Thirty years ago, on 9 November 1989, the Berlin Wall came down. Since then, a lot has changed in the former communist states of Central and Eastern Europe: democratisation, economic liberalisation, EU accession, globalisation and migration have brought opportunities to many. For some, however, these changes are viewed with unease. This has resulted in the phenomenon of nostalgia for the communist past (or “Ostalgie”) where people retrospectively romanticise the pre-1989 years.
Reasons for nostalgia include the relative stability and security of state socialism, paired with disenchantment with the current political system. Many argue that capitalism has failed to deliver a broad-based rise in living standards, to tackle corruption, or to guarantee rule of law across the former Eastern Bloc.
Yet the communist days were also marked by systematic human rights abuses, economic stagnation, and the suppression of political opposition. There are also many who benefit from the increased openness that has come since the fall of the wall; taking advantage of opportunities to work and live abroad that would not have been possible pre-1989.
What do our readers think? We had a comment sent in by Nate arguing that, in some parts of Europe, people still have nostalgia (or “Ostalgie”) for the “good old days” under communism. Why is that?
To get a reaction, we spoke to German-Hungarian journalist and author Boris Kálnoky, who works as a foreign correspondent for various media (including Die Welt and Deutsche Welle). What would he say to Nate’s comment?
Just today I spoke with the former Hungarian Foreign Minister, Géza Jeszenszky, about this, and he quite succinctly summed up what was the problem. In Hungary, specifically, communism was not as hard on people, as it was in, for instance, Eastern Germany, or Poland, or Czechoslovakia. Therefore, many people in the 1970s and ’80s did not feel they were suffering so much from oppression, were not afraid of going to jail, being tortured or locked up. There was a certain amount of free enterprise on a very small scale. You could travel to foreign countries – not necessarily to Western countries, but to places like Egypt. Schooling was free, university was free, healthcare was free, everyone got to go on summer vacation for very little money, jobs were secure.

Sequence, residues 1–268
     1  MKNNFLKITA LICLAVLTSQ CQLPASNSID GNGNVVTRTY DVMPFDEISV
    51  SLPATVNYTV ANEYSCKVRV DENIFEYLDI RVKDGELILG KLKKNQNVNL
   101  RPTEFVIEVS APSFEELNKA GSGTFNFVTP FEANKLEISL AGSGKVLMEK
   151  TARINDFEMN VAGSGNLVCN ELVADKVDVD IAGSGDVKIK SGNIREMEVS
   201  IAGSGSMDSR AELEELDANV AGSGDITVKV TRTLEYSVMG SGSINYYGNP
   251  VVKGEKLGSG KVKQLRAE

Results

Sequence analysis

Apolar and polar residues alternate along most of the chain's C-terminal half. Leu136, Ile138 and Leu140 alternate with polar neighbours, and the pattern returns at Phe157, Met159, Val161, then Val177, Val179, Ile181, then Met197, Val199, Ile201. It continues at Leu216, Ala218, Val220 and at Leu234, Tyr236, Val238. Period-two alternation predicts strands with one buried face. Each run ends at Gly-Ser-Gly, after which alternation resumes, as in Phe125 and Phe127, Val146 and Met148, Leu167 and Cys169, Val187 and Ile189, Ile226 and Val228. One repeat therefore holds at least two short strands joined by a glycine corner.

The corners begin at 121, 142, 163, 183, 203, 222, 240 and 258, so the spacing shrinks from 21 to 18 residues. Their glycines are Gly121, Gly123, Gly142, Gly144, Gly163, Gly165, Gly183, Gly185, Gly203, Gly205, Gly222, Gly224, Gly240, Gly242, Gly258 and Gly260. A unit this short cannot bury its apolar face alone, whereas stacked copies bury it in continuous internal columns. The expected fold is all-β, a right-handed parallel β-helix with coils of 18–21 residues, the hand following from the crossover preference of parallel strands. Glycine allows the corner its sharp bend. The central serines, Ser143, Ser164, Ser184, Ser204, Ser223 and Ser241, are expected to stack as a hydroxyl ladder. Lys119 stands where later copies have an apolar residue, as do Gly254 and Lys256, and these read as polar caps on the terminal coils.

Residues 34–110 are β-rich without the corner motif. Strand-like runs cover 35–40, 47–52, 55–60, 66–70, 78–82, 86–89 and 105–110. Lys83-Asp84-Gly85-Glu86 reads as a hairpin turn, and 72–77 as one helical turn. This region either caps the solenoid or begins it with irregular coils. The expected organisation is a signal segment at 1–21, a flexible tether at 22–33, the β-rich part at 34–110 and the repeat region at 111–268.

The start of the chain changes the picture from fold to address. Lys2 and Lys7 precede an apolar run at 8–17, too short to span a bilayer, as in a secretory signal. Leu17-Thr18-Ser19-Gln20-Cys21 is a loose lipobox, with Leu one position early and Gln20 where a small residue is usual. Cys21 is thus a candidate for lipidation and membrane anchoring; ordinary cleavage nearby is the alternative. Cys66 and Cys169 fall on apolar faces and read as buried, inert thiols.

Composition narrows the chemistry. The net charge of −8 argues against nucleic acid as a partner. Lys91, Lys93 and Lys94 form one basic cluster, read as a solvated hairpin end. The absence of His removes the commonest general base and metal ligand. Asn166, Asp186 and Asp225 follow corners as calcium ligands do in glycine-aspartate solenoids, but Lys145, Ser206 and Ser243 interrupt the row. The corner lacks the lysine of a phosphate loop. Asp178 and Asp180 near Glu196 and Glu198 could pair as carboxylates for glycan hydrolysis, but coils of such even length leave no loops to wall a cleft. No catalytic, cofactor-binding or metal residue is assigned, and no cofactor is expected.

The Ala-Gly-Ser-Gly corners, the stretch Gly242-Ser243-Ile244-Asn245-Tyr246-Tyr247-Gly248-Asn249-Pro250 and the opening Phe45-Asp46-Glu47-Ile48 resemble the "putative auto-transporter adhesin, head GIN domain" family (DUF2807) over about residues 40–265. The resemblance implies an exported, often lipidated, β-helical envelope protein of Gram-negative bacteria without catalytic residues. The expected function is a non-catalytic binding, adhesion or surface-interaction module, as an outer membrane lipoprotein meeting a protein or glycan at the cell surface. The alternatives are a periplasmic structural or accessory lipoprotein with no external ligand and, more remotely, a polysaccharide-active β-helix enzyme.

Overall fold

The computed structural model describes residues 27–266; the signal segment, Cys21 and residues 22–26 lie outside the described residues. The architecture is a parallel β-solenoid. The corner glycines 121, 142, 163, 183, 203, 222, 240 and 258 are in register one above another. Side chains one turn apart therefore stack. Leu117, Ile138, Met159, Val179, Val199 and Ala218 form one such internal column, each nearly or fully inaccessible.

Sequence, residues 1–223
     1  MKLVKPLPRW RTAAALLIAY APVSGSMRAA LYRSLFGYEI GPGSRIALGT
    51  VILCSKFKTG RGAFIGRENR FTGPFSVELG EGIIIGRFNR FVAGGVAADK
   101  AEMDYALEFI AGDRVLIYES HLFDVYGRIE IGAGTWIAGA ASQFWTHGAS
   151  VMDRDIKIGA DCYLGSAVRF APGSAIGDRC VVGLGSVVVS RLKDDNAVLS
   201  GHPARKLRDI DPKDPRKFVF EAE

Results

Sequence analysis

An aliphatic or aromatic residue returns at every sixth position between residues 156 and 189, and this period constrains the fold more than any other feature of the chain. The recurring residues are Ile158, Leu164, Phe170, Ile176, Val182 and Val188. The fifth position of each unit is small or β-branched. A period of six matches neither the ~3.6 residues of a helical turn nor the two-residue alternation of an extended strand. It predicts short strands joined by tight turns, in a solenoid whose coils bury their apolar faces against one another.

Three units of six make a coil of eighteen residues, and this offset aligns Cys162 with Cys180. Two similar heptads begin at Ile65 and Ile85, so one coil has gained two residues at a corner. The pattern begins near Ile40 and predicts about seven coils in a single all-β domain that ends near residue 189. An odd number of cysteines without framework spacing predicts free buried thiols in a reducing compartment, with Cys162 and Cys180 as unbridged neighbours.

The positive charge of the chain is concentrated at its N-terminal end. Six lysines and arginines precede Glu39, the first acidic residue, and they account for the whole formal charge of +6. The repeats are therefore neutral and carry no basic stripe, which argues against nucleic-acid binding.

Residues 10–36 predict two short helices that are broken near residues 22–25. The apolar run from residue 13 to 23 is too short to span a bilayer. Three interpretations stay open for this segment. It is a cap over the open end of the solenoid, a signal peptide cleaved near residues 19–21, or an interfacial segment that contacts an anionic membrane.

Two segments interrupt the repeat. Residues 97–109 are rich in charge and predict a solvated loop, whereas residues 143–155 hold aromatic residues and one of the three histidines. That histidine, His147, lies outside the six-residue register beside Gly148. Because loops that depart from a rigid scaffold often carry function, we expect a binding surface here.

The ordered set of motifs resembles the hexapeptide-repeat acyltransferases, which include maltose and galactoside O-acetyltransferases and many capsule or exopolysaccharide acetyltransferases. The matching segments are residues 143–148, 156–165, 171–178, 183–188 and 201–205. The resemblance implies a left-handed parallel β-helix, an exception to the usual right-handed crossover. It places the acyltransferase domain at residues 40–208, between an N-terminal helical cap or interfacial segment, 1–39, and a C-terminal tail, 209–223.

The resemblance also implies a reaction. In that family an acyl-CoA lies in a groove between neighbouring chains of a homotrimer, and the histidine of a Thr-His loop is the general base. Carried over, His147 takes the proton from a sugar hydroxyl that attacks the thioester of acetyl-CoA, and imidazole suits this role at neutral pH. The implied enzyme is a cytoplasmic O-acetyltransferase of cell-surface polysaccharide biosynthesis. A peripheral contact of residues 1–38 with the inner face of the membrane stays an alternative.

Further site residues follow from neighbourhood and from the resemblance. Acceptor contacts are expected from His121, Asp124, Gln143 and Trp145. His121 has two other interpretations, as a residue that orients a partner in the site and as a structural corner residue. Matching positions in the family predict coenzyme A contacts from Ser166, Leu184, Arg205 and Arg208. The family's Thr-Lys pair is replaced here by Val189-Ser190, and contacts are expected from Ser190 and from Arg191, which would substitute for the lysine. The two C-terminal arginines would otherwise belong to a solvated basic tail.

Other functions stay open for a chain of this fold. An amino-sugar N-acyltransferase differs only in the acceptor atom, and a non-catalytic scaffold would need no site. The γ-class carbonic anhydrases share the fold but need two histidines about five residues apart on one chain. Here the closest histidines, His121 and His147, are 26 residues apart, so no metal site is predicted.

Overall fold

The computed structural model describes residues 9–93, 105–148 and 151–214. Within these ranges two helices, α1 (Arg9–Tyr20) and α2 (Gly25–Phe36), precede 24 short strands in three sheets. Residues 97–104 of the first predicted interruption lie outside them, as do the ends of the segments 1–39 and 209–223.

So, when the system changed, everyone wanted it, of course, but the expectation was not so much that there would be more freedom – of course, that was very welcome – but the expectation was greater well-being, greater prosperity, more money, better jobs. And, to this day, that hasn’t really happened. Instead, what they got was greater insecurity; nobody is really sure where they will work next year, if they will work; it’s impossible for them to go on a summer vacation; their standard of living is still way behind that of Western Europe.
So, that sense of insecurity, together with a relative failure to obtain prosperity in relation to the West, leads many people, especially of the older generation, to compare their lives back then with how they are right now, and it is only partially favourable.
You ask anyone in their 60s or 70s, and almost all of them need to work to make ends meet. Many people lived in the countryside in small towns, and all these factories shut down, so people had to move to Budapest, where it is very expensive to rent a flat. So, many feel they had a better life – more secure, not very rich, but more comfortable – than they have now.
To get a response, we put Marek’s comment to Maria Lewicka, Professor of Psychology at Nicolaus Copernicus University in Toruń, Poland. How would she respond?
Are people too nostalgic about Europe’s communist past? Are people rose tinting and forgetting the communist past? Let us know your thoughts and comments in the form below and we’ll take them to policymakers and experts for their reactions!